This forced isolation is a prime time to do the preventative maintenance on our bikes we have been putting off. It's also an opportune time to research places you always wanted to go, spend the time going over old issues of magazines, pull out old travel books that have been sitting on the shelf waiting to inspire you to somewhere or books on how to do running repairs on the side of the road. Pick up new skills that will come in handy on your next ride. Things look bleak for the moment but they will not last for an excessive amount of time. Even if this virus and lockdown lasts 18 months, plan for something to do at the end of it to celebrate getting to the other side unscathed….. Except for grazed knuckles from slipping spanners.

Friday the 13th. What a date to choose to head out of Sydney. Avoiding all black cats, ladders and anything else that could bring bad luck, it turned out to be the last weekend for some time to venture out and explore the state. After that, state lockdowns have been imposed. The entering of museums, eating in cafes, restaurants and drinking in bars have been banned. We were very fortunate.

A clear blue sky and typical early autumn morning greeted us as we arrived at Eagle Rider to collect our machines. A briefing by Will on what we can and can't do on the bikes, what the buttons do, the screen on the Street glide is not for your wife to watch MAFS while stuck in traffic and he knows where we live if something happens to the bikes, we are then on our way. Coming from the seating position of a DR650 to a Sport Glide, I have to admit it took me by surprise to not find the footpegs directly below me as well as the sudden boost of power when releasing the clutch. By the time I hit Pymble, the muscle memory set in and all was ok.

The first regrouping point was the Brooklyn boat ramp where we met Greg on his KLR. This was the first of many rest stops where we had to wait for Jim to stop talking to flocks of people coming to talk to him about his panel van. It's a 1975 HJ 308ci 4 speed m21 gearbox 3.08 ratio diff and amazing what memories are evoked in people when they see an old panel van.

Along the expressway, the Sport Glide cruised exactly as it should have, effortlessly floating along the dotted lines, giving a burst of power when needed to pass a car or truck. Reaching Williamstown, we duck into Fighter World. Talk about big boys toys, An Aermacchi jet, Mirage, Vampire and an F111 are a few of the fighters held inside. The child in you is hard to restrain when you are free to sit in the cockpit of a Macchi, can't help but say "I feel the need for speed" while your mate sits in the navigator's seat feeling like a Goose. It was a revelation to find the RAF was working on a fighter jet as early as March 1943 with the Gloster Meteor. I had always been under the impression the Luftwaffe were the only ones toying with jets in the mid-'40s. There is always something new to learn. The museum also illustrated the rapid advancements in technology in a relatively short space of time. When you see a biplane hanging above a 50's fighter, you realise we are a pretty smart, resilient species that won't go down without a fight and that's aircraft designed with slide rule technology.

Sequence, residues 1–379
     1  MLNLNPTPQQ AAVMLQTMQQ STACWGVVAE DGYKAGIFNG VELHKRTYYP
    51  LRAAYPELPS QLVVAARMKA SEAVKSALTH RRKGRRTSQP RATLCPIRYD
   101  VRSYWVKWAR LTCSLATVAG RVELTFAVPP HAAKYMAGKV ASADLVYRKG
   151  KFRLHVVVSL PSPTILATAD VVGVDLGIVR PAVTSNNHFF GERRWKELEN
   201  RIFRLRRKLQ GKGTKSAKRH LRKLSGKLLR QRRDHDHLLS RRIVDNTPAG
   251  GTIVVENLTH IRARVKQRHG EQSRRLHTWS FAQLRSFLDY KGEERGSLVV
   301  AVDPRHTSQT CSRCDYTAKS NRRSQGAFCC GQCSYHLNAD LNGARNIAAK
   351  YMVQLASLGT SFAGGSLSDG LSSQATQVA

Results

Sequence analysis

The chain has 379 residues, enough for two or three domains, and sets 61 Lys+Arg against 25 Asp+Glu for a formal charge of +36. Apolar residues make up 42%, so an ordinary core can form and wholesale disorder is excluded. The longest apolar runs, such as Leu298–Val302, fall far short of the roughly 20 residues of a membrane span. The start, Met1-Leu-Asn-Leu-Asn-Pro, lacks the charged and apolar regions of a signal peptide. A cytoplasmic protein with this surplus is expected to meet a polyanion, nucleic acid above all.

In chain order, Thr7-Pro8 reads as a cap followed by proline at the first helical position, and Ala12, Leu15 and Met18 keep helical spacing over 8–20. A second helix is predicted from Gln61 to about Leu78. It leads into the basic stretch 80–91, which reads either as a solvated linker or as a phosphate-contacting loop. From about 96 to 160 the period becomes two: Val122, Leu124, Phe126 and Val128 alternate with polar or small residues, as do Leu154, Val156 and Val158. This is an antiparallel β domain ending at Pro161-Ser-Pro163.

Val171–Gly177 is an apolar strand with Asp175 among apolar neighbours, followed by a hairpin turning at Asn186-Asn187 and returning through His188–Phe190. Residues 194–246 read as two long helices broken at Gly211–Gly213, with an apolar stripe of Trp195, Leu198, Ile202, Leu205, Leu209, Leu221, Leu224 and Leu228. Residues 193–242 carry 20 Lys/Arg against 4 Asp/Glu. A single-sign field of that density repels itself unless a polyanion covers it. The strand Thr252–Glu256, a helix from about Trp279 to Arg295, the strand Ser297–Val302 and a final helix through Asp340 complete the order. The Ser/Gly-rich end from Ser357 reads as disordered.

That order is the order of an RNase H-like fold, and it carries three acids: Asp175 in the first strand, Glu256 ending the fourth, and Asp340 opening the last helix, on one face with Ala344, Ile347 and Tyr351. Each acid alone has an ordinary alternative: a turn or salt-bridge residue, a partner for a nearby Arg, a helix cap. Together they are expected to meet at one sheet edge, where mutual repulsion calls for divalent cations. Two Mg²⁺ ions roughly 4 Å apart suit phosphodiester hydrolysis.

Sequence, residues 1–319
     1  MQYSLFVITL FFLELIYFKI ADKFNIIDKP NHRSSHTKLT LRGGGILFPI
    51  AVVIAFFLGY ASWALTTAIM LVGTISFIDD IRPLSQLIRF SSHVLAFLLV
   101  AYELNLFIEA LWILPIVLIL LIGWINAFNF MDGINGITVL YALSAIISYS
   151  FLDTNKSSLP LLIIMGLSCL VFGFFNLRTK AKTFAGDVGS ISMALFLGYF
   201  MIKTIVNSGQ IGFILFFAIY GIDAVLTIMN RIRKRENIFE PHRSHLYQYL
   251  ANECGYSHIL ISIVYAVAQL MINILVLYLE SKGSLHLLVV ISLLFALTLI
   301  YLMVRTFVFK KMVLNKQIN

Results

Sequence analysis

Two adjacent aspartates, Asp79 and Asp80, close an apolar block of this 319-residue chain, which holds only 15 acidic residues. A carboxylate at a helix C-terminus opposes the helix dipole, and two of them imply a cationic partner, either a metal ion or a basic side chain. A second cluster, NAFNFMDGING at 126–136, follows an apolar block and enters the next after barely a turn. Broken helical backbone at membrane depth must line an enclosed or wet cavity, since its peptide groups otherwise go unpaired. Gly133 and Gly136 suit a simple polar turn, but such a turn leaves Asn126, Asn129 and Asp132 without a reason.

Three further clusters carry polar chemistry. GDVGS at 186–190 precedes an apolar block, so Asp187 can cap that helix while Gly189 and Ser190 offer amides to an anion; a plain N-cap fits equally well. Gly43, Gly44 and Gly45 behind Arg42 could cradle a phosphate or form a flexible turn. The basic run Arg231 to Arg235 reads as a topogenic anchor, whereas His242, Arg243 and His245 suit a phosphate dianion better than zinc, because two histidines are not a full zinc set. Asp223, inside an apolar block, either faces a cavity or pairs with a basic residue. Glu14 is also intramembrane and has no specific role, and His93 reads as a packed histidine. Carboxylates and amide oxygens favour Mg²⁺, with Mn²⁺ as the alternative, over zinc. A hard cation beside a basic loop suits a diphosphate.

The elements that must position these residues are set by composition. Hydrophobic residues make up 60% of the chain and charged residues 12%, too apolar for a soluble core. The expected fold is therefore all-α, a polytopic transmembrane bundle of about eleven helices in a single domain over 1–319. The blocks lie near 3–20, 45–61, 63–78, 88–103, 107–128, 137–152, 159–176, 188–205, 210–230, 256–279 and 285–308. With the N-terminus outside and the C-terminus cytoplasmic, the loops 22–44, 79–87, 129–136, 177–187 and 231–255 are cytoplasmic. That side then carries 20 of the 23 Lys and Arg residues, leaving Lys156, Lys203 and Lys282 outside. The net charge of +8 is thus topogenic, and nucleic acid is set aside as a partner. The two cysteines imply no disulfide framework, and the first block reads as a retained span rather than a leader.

The day ends at Bulahdelah. Once a major stopping point when travelling to QLD, it is still an attractive town, a gateway to Myall lakes where houseboats and yachts can be hired to explore the waterways or to throw a line in for perch, blackfish or anything else that is biting. At the bottom of town, an abandoned service station still stands, sun-bleached signs advertise Chrysler and Plymouth cars and Morris commercials, ghosts from the past. Just as bypasses can be detrimental to some towns, they too have advantages, towns can reinvent themselves preserving their charm and old roads are preserved for those who remember and appreciate them. The old Bulahdelah bends are still there. Now known as the Wootton Way, once notorious for accidents, frustration at being caught in lines of holiday traffic behind a caravan or truck, this is a 22km stretch of bliss that winds through giant mountain eucalypt. Sweeping bends, flat surfaces, dual lane in some parts and we didn't see another car along this stretch while the Harleys glided over the bitumen. Greg "Rossi" on his KLR showed us how to ride it properly. Once we got to the end at the Pacific Highway, the idea was thrown around to turn back and do it again.

A few minutes further north is the National Motorcycle Museum at Nabiac. Deceiving from the front, it's like stepping into the Tardis. The inside opens to 3 warehouse-sized sheds full of motorcycles, automobiles and memorabilia. It's a privately owned museum that was set up by and run by The Kelleher family to help prevent our motorcycling heritage being shipped overseas. That was 18 years ago, now there are over a thousand bikes on display and growing. Some models were ahead of their time like an old Malvern Star with a 25cc engine that looks not too dissimilar to the E-bikes screaming around city streets today or the adventure bikes with CD players to keep the rider amused while listening to the Doors as they ride into dark flashing skies. For a $15 entry fee, we are entertained for a good couple of hours as we recognise bikes of our youth and memories of cuts, grazes and forest tracks.